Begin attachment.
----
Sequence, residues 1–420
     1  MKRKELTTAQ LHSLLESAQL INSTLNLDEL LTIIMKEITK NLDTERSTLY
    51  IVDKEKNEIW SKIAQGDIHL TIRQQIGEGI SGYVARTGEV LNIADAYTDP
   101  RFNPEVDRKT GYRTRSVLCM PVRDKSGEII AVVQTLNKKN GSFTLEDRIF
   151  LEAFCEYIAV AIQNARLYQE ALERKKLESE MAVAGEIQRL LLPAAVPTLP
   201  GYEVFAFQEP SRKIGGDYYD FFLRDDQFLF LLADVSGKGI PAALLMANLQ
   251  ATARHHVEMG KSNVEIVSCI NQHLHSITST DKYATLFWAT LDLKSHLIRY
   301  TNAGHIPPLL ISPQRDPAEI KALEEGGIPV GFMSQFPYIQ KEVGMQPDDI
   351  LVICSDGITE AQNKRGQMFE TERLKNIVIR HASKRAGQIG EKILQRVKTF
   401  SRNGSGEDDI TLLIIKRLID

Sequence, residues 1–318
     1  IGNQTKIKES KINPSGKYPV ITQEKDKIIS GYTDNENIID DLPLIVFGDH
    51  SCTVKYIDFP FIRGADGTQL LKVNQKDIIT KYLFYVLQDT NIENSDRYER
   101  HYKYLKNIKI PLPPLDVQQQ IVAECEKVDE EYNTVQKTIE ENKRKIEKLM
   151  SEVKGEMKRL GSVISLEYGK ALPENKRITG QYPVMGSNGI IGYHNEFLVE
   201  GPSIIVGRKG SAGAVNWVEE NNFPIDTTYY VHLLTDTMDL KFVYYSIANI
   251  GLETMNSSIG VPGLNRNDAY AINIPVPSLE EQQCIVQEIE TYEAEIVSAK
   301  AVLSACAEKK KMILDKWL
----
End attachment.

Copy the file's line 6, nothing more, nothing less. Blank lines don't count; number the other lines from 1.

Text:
   201  GYEVFAFQEP SRKIGGDYYD FFLRDDQFLF LLADVSGKGI PAALLMANLQ